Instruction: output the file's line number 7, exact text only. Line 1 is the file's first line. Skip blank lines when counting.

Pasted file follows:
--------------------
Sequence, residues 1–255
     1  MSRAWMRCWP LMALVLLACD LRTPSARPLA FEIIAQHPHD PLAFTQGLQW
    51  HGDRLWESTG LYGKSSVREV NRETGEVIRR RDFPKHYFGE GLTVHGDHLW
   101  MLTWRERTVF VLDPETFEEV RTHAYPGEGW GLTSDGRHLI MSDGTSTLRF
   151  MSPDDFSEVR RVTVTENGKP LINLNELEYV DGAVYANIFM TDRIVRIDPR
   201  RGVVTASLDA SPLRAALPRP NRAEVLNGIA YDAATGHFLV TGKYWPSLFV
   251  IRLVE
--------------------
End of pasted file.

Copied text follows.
   251  IRLVE